After the product has been permitted to phase separate while crosslinking for a predetermined period of time (a time sufficient to provide strength to the final foam product), the product must be dried in order to produce a microporous material suitable for use as an absorbent foam. The sol fraction may be removed from the product by any of a number of means, but preferably merely by leaching the sol from the microporous material using the same solvent employed in the synthesis reaction (e.g., water). The product may then be air-dried at room temperature, or even in a conventional or microwave oven, in order to evaporate the solvent and produce a foam. Freeze-drying (any conventional means) or solvent-exchange may also be utilized.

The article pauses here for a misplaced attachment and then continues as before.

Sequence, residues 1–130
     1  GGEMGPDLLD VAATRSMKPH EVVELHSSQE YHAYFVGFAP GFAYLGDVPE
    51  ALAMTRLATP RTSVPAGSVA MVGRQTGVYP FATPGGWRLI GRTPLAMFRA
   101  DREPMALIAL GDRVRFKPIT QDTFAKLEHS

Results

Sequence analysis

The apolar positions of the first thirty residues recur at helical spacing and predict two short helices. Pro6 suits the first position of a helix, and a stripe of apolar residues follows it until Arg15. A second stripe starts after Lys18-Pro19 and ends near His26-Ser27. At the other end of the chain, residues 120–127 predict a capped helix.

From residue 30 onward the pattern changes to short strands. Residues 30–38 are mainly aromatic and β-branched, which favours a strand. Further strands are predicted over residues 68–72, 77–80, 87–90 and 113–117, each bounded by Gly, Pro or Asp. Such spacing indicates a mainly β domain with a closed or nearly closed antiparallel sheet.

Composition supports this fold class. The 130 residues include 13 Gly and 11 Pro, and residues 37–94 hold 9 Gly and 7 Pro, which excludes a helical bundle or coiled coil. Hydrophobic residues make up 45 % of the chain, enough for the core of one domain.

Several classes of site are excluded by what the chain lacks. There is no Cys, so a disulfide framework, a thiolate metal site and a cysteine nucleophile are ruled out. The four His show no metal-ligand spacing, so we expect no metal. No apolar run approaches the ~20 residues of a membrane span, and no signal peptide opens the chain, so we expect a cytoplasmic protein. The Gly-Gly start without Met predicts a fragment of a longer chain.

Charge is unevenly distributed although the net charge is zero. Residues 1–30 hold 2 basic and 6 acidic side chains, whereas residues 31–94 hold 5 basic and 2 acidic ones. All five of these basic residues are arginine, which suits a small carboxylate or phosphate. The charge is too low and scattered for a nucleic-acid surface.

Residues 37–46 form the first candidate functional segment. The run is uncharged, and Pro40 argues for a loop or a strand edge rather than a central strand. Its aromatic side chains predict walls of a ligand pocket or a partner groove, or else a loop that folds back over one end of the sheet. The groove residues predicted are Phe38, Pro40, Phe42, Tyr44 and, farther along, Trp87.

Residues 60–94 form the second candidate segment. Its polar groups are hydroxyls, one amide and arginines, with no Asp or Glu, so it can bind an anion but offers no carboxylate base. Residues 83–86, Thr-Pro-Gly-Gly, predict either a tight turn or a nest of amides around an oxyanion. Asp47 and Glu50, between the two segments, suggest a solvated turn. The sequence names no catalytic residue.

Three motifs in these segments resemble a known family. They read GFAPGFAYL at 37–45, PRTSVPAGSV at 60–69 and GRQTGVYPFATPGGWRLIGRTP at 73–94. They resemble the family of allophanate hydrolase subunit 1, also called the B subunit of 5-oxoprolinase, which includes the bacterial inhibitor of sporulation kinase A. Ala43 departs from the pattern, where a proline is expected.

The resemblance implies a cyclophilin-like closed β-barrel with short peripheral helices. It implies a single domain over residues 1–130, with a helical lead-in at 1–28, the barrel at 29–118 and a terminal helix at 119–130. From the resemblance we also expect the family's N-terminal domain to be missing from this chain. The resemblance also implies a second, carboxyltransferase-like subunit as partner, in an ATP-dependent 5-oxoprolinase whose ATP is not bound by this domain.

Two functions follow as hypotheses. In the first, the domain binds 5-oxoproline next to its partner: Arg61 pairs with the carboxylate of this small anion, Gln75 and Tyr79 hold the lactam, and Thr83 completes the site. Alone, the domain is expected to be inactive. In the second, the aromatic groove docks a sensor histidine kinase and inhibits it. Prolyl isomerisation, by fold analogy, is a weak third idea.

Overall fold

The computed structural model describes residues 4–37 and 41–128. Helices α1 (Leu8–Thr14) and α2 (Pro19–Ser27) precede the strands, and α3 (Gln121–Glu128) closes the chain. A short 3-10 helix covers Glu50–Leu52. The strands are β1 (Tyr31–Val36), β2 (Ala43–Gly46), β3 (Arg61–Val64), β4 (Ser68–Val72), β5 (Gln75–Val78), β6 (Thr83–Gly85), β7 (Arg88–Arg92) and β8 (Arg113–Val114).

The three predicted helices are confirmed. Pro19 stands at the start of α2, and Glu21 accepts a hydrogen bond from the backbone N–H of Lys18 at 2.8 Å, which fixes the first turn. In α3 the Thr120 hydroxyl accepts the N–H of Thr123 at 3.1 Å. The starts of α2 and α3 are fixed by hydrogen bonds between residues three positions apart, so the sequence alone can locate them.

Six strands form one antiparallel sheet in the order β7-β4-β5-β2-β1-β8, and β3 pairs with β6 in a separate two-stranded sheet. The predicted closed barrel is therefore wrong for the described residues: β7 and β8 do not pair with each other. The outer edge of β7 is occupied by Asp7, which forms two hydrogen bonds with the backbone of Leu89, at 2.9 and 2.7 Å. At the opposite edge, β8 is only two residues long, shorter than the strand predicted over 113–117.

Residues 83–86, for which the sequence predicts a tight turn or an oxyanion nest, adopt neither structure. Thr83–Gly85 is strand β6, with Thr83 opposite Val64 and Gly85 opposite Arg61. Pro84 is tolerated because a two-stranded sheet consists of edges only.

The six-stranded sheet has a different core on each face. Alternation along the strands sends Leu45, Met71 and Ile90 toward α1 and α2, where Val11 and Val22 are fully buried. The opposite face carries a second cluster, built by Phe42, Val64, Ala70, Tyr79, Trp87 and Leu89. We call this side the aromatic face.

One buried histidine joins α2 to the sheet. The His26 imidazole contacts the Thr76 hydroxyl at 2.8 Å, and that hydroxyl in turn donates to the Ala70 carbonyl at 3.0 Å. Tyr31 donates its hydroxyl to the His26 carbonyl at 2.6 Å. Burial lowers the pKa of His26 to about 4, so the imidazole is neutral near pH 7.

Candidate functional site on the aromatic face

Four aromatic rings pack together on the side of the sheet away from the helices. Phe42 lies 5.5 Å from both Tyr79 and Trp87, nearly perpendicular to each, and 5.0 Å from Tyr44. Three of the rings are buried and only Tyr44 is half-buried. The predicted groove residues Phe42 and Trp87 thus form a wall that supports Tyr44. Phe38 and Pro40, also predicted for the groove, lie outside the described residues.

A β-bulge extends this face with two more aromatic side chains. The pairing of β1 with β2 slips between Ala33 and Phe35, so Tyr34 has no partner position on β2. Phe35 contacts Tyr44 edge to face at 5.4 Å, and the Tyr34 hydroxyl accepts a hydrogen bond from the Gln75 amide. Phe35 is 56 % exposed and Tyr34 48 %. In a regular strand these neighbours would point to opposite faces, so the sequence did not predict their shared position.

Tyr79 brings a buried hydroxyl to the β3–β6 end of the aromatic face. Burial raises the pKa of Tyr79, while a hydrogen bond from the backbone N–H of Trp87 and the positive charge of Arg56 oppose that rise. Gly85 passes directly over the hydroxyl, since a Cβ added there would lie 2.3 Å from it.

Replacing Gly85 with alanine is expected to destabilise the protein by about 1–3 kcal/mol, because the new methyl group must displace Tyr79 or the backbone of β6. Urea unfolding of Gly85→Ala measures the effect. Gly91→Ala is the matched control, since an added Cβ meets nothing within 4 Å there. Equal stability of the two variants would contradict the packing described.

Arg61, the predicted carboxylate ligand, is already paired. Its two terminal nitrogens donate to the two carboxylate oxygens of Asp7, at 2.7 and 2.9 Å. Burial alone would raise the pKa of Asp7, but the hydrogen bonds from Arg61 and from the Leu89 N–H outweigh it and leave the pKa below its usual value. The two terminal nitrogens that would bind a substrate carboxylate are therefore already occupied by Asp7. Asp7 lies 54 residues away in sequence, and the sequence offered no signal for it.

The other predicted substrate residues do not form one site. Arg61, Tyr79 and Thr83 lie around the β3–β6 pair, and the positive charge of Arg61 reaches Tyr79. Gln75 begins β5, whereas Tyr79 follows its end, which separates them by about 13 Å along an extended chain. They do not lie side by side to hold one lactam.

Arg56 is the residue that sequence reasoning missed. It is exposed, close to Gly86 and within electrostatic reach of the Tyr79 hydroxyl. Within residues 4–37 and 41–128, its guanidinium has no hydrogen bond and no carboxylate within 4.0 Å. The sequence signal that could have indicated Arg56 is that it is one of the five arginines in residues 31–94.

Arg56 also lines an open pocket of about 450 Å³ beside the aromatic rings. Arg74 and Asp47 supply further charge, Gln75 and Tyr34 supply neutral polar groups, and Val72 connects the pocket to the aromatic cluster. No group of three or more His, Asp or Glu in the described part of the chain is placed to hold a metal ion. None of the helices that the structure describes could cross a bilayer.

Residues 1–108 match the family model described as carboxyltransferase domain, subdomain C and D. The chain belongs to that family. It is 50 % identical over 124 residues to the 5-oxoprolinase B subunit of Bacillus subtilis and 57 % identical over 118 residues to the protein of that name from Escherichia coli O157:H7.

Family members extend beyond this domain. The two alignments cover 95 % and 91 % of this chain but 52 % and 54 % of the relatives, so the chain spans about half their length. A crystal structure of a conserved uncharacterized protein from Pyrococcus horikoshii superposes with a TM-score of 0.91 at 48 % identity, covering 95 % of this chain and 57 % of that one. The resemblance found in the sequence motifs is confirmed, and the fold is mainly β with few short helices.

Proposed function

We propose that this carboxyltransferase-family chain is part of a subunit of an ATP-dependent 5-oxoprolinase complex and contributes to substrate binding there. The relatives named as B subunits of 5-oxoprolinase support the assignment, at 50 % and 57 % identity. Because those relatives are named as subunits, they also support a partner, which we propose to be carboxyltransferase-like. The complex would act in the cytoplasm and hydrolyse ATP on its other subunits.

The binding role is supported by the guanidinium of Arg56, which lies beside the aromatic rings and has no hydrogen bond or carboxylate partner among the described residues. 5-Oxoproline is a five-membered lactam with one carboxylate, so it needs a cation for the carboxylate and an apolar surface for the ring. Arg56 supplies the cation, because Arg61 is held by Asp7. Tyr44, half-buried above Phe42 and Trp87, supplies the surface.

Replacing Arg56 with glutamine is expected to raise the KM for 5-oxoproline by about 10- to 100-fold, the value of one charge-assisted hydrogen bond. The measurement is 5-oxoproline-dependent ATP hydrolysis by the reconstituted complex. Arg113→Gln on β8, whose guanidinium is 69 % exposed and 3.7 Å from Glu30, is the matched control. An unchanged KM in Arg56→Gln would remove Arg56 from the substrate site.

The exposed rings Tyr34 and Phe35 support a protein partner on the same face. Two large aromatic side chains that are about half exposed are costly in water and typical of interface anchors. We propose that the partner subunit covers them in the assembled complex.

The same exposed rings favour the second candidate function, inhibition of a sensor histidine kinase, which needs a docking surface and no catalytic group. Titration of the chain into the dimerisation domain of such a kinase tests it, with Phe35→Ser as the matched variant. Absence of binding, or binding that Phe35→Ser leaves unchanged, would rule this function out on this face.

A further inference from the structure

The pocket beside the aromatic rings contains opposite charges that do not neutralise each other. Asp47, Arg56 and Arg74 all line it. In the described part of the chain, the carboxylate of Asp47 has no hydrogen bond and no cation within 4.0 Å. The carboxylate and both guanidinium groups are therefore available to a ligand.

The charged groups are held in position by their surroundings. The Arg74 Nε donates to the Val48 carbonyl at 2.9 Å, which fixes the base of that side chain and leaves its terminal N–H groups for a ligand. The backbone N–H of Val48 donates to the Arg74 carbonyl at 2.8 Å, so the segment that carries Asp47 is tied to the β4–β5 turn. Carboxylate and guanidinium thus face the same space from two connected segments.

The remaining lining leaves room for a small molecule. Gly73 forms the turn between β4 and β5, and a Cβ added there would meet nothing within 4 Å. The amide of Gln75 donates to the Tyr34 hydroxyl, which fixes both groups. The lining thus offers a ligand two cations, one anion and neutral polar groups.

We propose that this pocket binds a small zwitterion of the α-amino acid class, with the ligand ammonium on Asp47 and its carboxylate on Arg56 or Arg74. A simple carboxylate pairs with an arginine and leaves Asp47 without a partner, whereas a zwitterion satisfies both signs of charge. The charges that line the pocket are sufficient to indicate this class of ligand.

The properties of the foams produced by the methods of the present invention can be readily tailored to one's needs, and one skilled in the art would be able to readily prepare suitable foams from any polymer/solvent system wherein said system can be induced to phase separate and wherein said polymer is crosslinkable. Polymer/solvent phase diagrams are readily available in the literature, or can be easily prepared in the laboratory. Suitable crosslinkers for polymers are also well-known, and thus one skilled in the art could readily identify a crosslinker suitable for the polymer/solvent solution employed. For the preferred polymers which exhibit a LCST in aqueous solutions, selection criteria are set forth in the work by L. D. Taylor and L. D. Cerankowski, J. Polymer Science: Polymer Chemistry Edition, Vol. 13, pp. 2351-2570 (1975). In fact, the authors of this work stated that "the LCST phenomenon, rather than being a rare curiosity, is quite predictable and easy to achieve." Even polymers which are extremely hydrophilic (totally miscible in water at all temperatures) can be modified to the point that they exhibit LCST behavior. This can be accomplished, for example, by merely copolymerizing the precursor monomer with a more hydrophobic monomer (e.g., acrylamide with hydroxypropyl acrylate) to produce a crosslinkable polymer which exhibits the desired LCST behavior. It should be pointed out that, even though the copolymer exhibits LCST behavior, it is still relatively hydrophilic and therefore the resultant foam will absorb and retain water by a combination of capillary forces and pore wall swelling.